Have you ever experienced God in spite of stupid preaching?
I visited a "prayer center" over the weekend that I'd heard a lot about. Apparently, in the year it's been running, they've seen forty-some miracles--healings, I presume. The prayer center wasn't an actual church, but a place staffed by multiple denominations where prayer and worship take place 24/7. On Saturday nights, they have a service, sort of. This is what I went to. I was not disappointed. I could feel God's presence during the music time, felt like I could almost go to sleep--not from boredom, but from this sweet feeling that God was very close, almost like I was wearing him as a jacket zipped snug across my chest. When the music ended I wanted to lay myself out on the floor and just sit with that feeling I was having.
I tried to keep my eyes open, though, for the guy who was speaking that night. His topic was somethign about beign dependent on God and how our culture fosters independence, which seems, in a sense, counterintuitive to the idea of following Christ and trusting him to meet our needs. I don't think this dude was in any way advocating blowing all your rent money on an LCD screen TV because Jesus can take care of the rent. Rather, his focus was on the way our attitudes are shaped toward independence, without acknowledgement of God's ability to care for us. We were designed for dependence, he said.
Then he tried to give an illustration to show how badly things go when we are not fitting our intended design. He said he hopes his daughters will continue to live with him until the day they are married. Because God designed for their husbands to meet all their needs. What's the point of them moving out and learning all this independence they'll "have to undo" once they get married? Wouldn't that be counterintuitive to send them out in the world to be somethign they're not designed to be?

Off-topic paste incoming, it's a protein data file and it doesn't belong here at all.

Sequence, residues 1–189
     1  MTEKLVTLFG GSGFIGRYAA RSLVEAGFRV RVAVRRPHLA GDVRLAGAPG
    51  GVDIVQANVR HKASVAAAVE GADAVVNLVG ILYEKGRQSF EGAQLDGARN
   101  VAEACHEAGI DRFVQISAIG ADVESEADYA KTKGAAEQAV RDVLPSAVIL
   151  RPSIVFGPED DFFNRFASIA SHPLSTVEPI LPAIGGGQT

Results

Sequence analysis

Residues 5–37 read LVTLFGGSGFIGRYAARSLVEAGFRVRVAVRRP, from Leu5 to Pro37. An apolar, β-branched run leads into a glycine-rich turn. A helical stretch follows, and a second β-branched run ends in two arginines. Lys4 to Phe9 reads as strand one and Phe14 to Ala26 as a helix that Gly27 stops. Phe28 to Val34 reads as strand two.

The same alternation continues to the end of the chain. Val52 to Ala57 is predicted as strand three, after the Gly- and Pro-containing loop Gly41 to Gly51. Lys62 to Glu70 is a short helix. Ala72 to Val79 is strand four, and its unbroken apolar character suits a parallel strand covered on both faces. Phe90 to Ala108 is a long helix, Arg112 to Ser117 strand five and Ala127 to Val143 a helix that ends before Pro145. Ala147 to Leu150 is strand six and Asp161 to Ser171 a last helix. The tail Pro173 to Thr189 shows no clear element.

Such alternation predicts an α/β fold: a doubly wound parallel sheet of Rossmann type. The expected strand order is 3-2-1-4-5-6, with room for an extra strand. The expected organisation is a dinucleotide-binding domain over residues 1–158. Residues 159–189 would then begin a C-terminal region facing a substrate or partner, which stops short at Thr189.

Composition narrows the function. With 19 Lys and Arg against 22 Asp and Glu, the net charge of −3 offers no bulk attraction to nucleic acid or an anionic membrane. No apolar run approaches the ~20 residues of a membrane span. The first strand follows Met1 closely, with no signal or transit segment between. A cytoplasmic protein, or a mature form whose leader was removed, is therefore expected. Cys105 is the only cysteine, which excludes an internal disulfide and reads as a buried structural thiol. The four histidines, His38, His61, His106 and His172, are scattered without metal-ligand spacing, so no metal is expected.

What did he even mean? Here are the things I can think of that you learn when you live on your own: balancing a checkbook, grocery shopping, taking out trash, doing laundry, cooking.
Are these things he means will be good for a woman to unlearn when she gets married? As far as I know, with the exception of balancing the checkbook and taking out trash, these are all the stereotypical roles a woman will take on during marriage--domestic work, regardless of whether she has a job outside the home as well.
Not that I am in any way advocating these stereotypes, but does he expect them to sit on their asses and eat bon bons or something? These chivalrous metaphors of marriage people subscribe to seem to run away from them at times. The metaphor might serve some need to make romantic sense of the world, but when they start talking about what it looks like practically (laundry, trash, groceries) it doesn't make any sense. It doesn't serve them even in the way they think it does.
"Do you guys get me?" He asked
I shook my head no.
The guy a few rows in front of me nodded his head vehemently yes.
With some relief, what I concluded after my visit was: God is truly alive and well in the Midwest. Hence, the miracles, his sweet presence, and the peace I felt.
Additionally, I concluded: Dear God, he is in THE MIDWEST, working his way through in spite of stupid stupid cultural paradigms.